On September 12, 1939, barely two weeks into the German invasion of Poland, the childhood of nine-year old Nathan Poremba came to an abrupt end when his father was murdered outside his hometown of Wieliczka. For the next five and a half years, Nathan managed to outwit the Nazis through determination and sheer will. Repeatedly tempting fate, he refused to wear the required Star of David armband, snuck around Wieliczka, and purchased illegal train tickets.
After obtaining false papers bearing the name of a dead Christian boy named “Staszek Surdel”, Nathan worked at various jobs and survived two concentration camps, convincing Poles and Germans alike that he was Polish. It would take him half a century to begin talking about his harrowing ordeal. Joel Poremba’s account of his father’s improbable Holocaust survival, published in book form in 2021, constitutes a fitting tribute to a life of extreme hardship and endurance.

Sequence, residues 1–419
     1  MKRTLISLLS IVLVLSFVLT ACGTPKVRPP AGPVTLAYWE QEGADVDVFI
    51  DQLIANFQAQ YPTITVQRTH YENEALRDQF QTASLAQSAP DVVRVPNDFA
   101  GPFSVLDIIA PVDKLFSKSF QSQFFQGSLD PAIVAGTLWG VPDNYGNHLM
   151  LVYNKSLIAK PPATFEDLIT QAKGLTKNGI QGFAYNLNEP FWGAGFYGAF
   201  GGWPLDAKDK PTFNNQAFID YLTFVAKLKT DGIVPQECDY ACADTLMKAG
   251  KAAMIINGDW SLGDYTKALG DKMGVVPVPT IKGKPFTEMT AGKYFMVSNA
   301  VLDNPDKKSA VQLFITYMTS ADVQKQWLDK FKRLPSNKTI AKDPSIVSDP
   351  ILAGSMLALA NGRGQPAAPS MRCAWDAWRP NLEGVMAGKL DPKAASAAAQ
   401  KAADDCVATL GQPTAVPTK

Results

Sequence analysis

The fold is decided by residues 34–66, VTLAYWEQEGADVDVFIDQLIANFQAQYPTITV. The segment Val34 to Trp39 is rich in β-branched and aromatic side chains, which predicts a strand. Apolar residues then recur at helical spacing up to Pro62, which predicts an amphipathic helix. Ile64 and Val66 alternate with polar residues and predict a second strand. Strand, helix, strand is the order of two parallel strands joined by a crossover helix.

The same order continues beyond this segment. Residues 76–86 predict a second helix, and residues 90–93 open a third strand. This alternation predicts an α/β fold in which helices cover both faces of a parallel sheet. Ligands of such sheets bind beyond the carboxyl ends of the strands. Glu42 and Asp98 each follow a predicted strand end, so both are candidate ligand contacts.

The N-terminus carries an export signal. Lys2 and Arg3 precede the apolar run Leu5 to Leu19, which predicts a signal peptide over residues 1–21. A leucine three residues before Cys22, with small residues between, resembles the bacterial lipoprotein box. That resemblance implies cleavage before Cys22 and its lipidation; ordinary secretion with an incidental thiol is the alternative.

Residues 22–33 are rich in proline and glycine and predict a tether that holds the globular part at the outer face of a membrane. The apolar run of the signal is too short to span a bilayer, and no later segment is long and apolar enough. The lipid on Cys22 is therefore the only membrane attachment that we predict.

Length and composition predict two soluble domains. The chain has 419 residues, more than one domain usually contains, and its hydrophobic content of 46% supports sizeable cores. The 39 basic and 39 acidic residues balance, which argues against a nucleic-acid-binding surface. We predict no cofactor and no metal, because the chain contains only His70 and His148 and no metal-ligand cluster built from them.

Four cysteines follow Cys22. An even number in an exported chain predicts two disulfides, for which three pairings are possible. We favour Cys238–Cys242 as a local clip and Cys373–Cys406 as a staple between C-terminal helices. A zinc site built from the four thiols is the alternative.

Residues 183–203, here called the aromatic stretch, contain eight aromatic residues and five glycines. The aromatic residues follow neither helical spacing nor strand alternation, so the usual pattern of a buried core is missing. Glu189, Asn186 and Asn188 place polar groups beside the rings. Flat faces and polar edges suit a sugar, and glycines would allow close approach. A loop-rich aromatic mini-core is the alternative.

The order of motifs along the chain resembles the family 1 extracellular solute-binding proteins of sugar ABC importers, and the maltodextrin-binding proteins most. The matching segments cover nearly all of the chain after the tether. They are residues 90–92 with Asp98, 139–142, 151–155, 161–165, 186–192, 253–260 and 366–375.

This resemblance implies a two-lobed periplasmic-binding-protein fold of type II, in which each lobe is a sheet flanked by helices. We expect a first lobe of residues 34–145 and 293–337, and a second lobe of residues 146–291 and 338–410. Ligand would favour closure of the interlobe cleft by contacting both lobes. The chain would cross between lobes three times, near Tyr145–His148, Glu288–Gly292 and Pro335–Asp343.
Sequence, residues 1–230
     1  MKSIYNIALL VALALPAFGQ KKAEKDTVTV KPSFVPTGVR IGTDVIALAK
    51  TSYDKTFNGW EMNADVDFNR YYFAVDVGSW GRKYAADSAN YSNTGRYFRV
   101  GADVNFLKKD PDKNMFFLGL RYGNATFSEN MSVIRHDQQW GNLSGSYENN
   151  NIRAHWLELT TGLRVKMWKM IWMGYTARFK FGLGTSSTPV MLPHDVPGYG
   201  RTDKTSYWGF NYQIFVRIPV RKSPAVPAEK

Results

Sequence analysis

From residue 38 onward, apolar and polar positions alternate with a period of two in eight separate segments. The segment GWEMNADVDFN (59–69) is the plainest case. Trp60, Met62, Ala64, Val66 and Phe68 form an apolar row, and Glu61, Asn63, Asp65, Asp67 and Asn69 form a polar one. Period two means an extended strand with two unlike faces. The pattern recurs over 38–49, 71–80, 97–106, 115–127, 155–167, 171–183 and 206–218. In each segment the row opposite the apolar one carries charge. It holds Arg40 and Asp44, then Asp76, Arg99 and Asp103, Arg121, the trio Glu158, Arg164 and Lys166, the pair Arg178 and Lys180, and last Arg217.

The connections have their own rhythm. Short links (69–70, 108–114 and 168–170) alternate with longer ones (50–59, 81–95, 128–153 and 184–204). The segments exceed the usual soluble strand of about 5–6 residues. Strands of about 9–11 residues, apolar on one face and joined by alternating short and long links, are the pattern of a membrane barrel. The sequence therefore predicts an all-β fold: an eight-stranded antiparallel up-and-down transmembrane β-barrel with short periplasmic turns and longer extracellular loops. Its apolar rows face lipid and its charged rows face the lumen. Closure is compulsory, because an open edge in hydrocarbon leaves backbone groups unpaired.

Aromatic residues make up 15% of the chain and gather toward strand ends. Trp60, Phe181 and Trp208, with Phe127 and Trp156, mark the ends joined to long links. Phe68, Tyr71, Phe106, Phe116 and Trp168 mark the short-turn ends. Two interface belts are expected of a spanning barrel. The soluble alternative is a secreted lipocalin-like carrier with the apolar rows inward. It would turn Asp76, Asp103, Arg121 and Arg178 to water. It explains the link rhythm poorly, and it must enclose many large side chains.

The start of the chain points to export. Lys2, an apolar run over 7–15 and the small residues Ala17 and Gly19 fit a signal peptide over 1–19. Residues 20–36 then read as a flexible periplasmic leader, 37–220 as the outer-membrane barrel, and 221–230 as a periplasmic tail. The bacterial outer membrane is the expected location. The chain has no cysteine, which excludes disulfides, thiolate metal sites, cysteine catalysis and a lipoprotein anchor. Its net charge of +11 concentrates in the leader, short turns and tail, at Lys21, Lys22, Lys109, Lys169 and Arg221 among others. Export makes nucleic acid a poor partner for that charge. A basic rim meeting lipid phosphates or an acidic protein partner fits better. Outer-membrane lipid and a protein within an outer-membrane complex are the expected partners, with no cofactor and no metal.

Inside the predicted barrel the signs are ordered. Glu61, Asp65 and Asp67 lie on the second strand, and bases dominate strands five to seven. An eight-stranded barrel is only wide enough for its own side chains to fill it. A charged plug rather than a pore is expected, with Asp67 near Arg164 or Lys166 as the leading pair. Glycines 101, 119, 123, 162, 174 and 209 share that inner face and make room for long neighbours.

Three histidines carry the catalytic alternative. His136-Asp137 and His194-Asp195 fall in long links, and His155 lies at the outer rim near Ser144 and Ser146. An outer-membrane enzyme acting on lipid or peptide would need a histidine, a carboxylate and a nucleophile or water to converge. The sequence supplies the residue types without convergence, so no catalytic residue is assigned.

Orange County resident Joel Poremba, a graduate of Western State University, College of Law, and the University of California, San Diego with a degree in political science, is a business attorney with twenty-four years of litigation experience in both state and federal courts.
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